Seven countries around the world – three of them in Africa – have made faster than expected progress over the past 15 years in reducing deaths among children younger than five. These seven countries, Bangladesh, Cambodia, Ethiopia, Nepal, Peru, Rwanda and Senegal, were selected because they have all performed unexpectedly well in improving childhood health relative to their economic growth. ...

This month, the month of November, marks two years since Zimbabwe’s former leader, the late Robert Mugabe lost power to his long-time ally and lieutenant Emmerson Mnangagwa in a coup which was orchestrated by military commanders. We shall be doing a series of papers based on thematic areas to assess the performance of the Mnangagwa regime for the past two years. ...

I PASSED a billboard on Friday which said Government fires hundreds of doctors. My gut reaction? How stupid that is! We spend tens of thousands of dollars giving a child a primary and secondary education over a period of 16 years. ...

NEARLY a year after the Zimbabwe government realised that the country would be facing serious hunger this year, it comes as a great shock that it did not plan on how to avert this very inevitable crisis, except to vigorously thrust out its begging bowl to international donors. Revelations that government has reduced by 40% grain supplies to millers at this critical moment has exposed the authorities’ apparent laissez-faire attitude towards otherwise very serious matters. That government’s grain reserves at the Grain Marketing Board would sooner or later run out in the wake of poor harvests following an El Nino-induced drought was inescapable, internal plans should have been put in place for grain imports as soon as the country realised that the harvest would be too low to sustain the nation to another harvest. All we recall is just the much ado about nothing rhetoric that the government had everything under control and had secured supplies of the staple food from as far afield as Tanzania. The State even assured us that the largely defunct National Railways of Zimbabwe would be up and running to timely bring us the food relief. But alas, it looks like we were sold bottled smoke. ...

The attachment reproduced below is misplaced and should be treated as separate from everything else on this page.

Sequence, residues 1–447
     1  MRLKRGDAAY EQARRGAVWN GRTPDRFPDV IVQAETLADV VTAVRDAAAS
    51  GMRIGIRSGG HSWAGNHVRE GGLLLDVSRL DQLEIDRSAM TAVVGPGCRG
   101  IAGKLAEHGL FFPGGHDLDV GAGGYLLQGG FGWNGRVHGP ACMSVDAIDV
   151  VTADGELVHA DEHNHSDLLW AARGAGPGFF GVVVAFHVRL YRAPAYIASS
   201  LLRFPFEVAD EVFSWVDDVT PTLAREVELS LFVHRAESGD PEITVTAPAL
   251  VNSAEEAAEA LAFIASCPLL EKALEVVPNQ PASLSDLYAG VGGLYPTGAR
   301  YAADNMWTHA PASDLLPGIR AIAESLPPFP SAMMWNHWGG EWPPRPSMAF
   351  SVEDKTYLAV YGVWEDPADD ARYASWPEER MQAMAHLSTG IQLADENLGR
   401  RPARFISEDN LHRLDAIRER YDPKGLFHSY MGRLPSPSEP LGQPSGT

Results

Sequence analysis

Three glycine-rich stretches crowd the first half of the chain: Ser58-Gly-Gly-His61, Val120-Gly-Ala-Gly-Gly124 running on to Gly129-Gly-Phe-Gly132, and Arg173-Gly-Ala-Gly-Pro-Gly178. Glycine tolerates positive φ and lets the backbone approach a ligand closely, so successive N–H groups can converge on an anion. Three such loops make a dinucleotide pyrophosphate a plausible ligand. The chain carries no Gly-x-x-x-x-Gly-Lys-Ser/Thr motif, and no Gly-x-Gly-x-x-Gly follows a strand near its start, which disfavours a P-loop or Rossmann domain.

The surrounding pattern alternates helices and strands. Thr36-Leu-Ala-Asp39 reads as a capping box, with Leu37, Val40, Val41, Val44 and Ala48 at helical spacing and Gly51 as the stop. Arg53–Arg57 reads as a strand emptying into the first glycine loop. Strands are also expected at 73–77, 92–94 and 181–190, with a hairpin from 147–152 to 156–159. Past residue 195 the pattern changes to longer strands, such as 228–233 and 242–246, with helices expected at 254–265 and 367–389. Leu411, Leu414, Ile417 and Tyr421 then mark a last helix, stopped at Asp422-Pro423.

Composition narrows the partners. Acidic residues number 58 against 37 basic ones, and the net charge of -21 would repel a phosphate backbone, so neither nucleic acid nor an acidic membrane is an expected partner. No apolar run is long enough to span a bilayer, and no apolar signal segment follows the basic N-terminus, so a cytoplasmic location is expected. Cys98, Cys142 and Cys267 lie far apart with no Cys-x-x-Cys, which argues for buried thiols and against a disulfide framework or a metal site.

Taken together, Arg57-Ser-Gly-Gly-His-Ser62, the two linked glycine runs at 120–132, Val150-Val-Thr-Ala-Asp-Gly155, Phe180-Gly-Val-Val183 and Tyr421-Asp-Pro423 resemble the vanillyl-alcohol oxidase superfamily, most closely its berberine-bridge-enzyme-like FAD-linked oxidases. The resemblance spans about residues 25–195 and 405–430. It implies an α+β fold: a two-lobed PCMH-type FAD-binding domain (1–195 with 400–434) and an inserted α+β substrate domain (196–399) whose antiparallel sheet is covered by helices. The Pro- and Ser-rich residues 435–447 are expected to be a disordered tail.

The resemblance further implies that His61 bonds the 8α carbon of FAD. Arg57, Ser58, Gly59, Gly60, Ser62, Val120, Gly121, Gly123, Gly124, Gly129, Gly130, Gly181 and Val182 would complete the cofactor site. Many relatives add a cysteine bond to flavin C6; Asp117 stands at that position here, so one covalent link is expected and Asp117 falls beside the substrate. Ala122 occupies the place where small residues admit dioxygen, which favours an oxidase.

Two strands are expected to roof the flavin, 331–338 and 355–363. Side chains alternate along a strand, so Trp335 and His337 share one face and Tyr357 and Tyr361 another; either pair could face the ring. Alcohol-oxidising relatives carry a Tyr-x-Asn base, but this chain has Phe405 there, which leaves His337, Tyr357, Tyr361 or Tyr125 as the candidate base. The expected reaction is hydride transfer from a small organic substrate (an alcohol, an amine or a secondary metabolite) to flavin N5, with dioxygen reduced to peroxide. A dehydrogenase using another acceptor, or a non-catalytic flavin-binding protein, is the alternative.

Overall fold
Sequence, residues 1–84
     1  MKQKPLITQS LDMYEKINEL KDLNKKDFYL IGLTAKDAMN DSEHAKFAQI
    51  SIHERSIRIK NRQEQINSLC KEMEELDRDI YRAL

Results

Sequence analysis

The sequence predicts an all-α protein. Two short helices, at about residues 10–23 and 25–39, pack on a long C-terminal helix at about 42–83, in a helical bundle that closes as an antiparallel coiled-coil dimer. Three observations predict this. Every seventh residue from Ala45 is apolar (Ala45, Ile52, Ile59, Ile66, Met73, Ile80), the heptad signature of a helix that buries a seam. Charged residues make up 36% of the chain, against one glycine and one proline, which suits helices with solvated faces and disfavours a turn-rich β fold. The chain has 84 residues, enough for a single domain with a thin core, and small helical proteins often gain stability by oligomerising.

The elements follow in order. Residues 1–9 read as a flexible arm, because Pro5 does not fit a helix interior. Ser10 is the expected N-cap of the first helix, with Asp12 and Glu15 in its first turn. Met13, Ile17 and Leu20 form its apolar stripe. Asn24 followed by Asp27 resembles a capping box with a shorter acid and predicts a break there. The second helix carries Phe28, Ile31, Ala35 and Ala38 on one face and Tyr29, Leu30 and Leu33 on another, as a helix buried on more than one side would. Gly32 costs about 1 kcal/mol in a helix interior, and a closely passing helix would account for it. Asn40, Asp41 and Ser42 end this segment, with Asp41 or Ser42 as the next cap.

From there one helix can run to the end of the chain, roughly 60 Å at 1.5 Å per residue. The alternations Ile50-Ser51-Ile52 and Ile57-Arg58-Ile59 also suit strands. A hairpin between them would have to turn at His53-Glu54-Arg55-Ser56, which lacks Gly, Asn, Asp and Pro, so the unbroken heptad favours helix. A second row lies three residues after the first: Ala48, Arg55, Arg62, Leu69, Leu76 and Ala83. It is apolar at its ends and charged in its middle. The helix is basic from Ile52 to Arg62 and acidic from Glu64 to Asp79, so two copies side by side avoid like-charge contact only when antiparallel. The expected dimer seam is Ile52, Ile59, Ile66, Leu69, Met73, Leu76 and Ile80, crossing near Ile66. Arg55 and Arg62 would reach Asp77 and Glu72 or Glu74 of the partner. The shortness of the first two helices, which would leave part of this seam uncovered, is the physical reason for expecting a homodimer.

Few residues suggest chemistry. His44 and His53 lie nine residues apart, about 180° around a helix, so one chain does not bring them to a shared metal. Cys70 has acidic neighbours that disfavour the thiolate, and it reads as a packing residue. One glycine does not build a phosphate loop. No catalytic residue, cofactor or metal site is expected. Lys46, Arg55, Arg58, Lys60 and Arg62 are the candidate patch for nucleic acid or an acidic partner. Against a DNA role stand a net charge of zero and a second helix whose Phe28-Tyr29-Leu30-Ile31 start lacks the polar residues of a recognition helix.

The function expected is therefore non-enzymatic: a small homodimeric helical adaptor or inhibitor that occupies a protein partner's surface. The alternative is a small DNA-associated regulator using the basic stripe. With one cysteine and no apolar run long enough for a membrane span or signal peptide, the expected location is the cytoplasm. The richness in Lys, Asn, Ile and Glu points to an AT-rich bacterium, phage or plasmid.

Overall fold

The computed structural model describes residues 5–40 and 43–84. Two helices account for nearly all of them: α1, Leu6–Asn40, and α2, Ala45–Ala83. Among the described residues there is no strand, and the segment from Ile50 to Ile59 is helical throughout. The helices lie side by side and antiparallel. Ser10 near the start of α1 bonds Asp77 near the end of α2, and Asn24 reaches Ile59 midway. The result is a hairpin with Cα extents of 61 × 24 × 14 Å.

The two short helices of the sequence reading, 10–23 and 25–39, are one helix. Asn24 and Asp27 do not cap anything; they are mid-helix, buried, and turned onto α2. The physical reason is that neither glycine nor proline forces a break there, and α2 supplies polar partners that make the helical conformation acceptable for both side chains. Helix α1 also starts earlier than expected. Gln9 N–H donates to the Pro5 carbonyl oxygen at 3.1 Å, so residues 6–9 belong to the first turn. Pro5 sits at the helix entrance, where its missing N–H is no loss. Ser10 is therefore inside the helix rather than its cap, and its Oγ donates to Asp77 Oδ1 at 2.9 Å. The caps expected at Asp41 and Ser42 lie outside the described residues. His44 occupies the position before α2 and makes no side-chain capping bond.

By Monday morning there was chaos in the Warriors camp that emanated from the Premier Soccer League’s ill-advised and shocking decision to force through a full programme between today and tomorrow as well as another round of matches on Saturday and Sunday. ...

MONDAY, November 11, marked the 54th anniversary of the Unilateral Declaration of Independence (UDI) by then Rhodesian Prime Minister Ian Douglas Smith, a move that severed the white colony from the British empire and earned it United Nations economic sanctions for 13 years. However, these were the economic boon years of Rhodesia despite a raging bush war. ...